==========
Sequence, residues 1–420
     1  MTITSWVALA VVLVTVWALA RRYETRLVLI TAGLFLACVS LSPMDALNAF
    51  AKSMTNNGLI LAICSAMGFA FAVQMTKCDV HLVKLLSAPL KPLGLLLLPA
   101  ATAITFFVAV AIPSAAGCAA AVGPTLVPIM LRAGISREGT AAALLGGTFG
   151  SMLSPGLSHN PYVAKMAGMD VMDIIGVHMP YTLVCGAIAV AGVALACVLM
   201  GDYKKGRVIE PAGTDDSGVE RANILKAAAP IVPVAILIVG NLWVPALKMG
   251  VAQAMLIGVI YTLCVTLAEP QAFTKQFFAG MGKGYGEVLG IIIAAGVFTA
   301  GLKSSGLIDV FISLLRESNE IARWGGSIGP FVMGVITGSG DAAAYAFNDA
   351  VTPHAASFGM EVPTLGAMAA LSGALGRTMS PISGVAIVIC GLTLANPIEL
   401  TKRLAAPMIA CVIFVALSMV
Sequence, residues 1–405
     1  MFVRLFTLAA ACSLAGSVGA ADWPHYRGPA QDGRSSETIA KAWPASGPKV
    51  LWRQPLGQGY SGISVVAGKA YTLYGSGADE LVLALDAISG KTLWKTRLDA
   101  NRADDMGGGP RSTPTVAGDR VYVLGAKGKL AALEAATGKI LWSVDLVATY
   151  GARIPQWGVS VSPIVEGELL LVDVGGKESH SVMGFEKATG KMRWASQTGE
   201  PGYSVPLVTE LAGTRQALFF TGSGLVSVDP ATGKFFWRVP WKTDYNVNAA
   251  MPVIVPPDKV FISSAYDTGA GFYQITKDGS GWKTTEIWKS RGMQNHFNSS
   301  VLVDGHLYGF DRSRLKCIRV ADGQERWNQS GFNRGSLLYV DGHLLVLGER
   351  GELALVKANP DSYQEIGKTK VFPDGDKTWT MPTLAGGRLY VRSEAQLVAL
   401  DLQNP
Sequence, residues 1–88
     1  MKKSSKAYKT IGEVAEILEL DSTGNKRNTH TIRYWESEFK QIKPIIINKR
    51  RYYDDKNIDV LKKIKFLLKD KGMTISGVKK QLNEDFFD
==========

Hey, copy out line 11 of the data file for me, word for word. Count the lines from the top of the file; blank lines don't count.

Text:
Sequence, residues 1–405